3 Best Pellet Grills For Under $500
Hey, Scott Williamson here, today I’ll be reviewing three grills which I believe provide the best bang for your buck in the under $500 category. These grills are the Traeger Eastwood 22 from Home Depot ($399), the Pit Boss 820 Pro from Lowes ($499), and the Camp Chef SmokePro DLX 24 from Walmart ($469). With that being said, let's get into it!
All 3 of these pellet grills are big enough for a family BBQ or small get together. Each of them are capable of making awesome tasting food, whether you are using it to smoke, grill, bake, roast or braise. They all have a fuel hopper with enough capacity to do a full smoke of more than 24 hrs from beginning to end without having to refill the hopper. Each grill also has a fuel dump in the hopper so pellet flavors can be swapped over easily. Each of these grills also has all-terrain wheels so you can move the grill across rough or uneven surfaces. Lastly, the controllers on each of these pellet grills are time based and not PID. Time-based controllers use a preset timing sequence for “off” and “on'' feeding cycles. PID is an acronym for proportional, integral and derivative. PID controllers are constantly reading the grill temperature from a sensor and making real-time micro adjustments to the fuel and or the air to keep smoking temperatures constant. It’s not a big thing. PID controllers cost more and this is a low-budget showdown!
Traeger Eastwood 22
First up, the Traeger Eastwood 22. The Eastwood 22 is a Home Depot exclusive, you will not find this grill anywhere else. The Eastwood 22 is actually Traeger’s 2018 Pro 22, which is still available in many places. If you're shopping around and you see what looks like an Eastwood 22 with a different controller, that’s the Pro 22. It costs roughly $250 more. The Eastwood 22 is the smallest grill in this review. Coming in at 418 square inches on the primary grilling area (which measures 22” x 19”). This is enough space to cook 16 burgers according to Traeger, but if you’re creative, you can easily find room for 20. There is a 7” x 22” upper shelf for the Eastwood that adds an additional 154 square inches of surface inside, this allows for additional smoking or warming, but is sold separately.
The Eastwood uses Traeger’s Elite control system. First introduced in 2009, this controller was an upgrade to all models made before 2015. The Elite Controller features a digital temperature read out, an independent smoke setting for starting the grill, and variable temperature ranges from 180°F - 375°F in 25°F increments. According to Traeger, the high heat setting for this grill is 425°F, but you can expect your high temperature to be lower. I’ve owned this grill for a few years, and I think the hottest it ever got was 403°F. Unlike the two other grills in this review, the Elite controller does not have inputs for meat probes. Even though this isn’t a deal breaker, if you want meat probes, you can upgrade to the AGL Controller.
One of the things I like about Traeger pellet grills is that they know how to accessorize. Every grill they make has a plethora of accessories so that you can get the most out of your investment. Out of the box, the Traeger doesn’t have any workspace or storage shelf. Knowing this, I outfitted my Eastwood with a foldable front shelf, bottle opener, and some wooden utensil hangers last year. Even with those expenses, the grill still comes in below $500 all in.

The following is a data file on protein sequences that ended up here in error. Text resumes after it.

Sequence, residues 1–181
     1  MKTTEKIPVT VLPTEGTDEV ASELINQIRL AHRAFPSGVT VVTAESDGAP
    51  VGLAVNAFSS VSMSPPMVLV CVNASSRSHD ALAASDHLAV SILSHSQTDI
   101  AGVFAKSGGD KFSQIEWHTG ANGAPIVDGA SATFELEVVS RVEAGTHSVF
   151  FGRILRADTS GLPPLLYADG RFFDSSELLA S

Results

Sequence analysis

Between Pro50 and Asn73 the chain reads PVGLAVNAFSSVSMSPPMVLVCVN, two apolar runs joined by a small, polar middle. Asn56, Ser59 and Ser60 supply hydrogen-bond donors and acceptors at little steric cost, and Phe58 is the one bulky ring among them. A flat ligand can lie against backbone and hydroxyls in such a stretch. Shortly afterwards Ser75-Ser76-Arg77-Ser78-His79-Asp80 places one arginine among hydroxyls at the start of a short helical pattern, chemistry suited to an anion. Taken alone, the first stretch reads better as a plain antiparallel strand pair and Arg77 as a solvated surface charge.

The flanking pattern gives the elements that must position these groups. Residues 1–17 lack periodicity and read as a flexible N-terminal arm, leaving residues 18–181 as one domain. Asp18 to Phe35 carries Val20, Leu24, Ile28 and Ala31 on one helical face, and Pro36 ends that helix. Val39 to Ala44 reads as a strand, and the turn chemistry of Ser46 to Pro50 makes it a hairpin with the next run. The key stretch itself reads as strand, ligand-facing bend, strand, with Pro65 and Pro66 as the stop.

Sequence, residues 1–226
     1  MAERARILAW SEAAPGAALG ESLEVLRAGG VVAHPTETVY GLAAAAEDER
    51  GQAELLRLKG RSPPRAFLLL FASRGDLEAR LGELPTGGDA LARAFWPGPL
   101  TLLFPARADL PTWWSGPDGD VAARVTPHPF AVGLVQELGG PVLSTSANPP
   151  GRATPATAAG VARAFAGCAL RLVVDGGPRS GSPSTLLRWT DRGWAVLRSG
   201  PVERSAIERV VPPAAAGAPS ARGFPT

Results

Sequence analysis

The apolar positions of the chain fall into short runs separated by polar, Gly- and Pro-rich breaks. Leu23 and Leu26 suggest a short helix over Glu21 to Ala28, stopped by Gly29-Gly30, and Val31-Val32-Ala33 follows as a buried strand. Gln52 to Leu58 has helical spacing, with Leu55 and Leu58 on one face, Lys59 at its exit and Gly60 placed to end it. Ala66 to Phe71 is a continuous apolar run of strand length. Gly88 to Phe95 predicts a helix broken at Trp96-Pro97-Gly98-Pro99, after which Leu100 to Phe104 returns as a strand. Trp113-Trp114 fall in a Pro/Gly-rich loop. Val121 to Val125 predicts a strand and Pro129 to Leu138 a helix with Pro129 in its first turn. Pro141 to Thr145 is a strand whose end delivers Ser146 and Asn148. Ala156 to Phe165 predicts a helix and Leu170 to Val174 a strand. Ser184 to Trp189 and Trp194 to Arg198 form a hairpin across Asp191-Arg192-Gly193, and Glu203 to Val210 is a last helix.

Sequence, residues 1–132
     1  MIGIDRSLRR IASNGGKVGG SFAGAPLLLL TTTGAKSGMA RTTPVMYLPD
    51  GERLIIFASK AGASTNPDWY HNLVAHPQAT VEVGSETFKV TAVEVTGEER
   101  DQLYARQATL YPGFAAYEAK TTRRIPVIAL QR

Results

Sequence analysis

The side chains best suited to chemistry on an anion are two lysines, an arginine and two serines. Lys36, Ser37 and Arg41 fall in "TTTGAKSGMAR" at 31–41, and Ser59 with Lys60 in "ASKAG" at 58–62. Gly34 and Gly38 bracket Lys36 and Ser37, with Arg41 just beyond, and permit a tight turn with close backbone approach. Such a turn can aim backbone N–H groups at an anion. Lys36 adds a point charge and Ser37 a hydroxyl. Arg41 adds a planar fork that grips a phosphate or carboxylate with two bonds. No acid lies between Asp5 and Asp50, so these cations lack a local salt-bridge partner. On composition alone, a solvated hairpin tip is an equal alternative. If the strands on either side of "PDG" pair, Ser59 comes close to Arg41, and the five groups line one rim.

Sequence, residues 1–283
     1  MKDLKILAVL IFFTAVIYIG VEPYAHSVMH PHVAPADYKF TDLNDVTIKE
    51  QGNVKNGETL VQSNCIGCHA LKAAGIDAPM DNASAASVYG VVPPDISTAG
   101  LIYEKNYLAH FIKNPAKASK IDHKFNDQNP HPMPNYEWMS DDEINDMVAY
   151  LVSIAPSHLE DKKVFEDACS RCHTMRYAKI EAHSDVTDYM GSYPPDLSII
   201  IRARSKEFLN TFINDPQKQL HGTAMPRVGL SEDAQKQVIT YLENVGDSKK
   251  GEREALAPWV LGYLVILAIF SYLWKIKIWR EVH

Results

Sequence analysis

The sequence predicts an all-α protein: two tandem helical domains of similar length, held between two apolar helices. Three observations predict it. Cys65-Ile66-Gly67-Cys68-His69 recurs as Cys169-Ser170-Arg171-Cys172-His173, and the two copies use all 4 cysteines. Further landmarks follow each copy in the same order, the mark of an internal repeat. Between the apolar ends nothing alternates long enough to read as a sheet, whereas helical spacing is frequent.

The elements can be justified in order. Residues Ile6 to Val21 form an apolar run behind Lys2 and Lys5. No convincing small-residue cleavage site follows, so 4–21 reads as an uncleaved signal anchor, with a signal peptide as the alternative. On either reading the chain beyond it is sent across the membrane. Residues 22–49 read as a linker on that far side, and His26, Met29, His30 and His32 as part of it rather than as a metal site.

I found that my Traeger is really an excellent smoker and a terrific wood-fired convection oven but it’s not the hottest grill for my style of cooking. Most of the time I’m cooking fast and furious, I need the grill to be as hot as possible, as quickly as possible. Don’t get me wrong, it works wonderfully but it is a slower process grill.
Of the three grills I’m reviewing, I think the Traeger probably has the best fit and finish. The layout is extremely well thought out and helps the grill retain the perfect size for a deck. It’s not too big, but it’s large enough to get the job done. The handle for moving the grill is located on the lightest side of the grill, so lifting is easier. Also, all Traeger grills without front end wheels will have non-marking skid pads on the legs so you can slide the grill around without completely lifting the legs off the surface.
Overall I’m totally satisfied with my Traeger. It works as advertised, the low price makes it a great value, and there are tons of accessories available. As with all grills, I’d suggest a grill cover and the magnetic cutting board.
Pit Boss 820 Pro
Next up is the Pit Boss 820 Pro. This grill is a monster. The 820 Pro is the largest pellet grill you’ll find under $500 and comes with all of the must-have accessories out of the box. It has a primary cooking surface of 551 square inches( which measures 19” x 29”). That’s enough space to cook 35 burgers. With the 9” x 29” upper shelf, you get a total of 812 square inches.
The 820 Pro features Pit Boss’s newest V1 Dial-in Digital Controller. This controller has two built-in inputs for meat probes (1 meat probe included with the grill) so you can monitor your internal food temperatures without raising the lid and letting heat escape. The V1 controller also has a prime feature, this helps speed up the process when changing over pellet flavors. As I already mentioned, this is a time-based controller, but it does have an adjustable “P” setting for making adjustments as needed. The independent smoke setting starts the grill in the low temperature range, but you should always run the grill on high for 15 minutes to sanitize the cooking surface prior to cooking.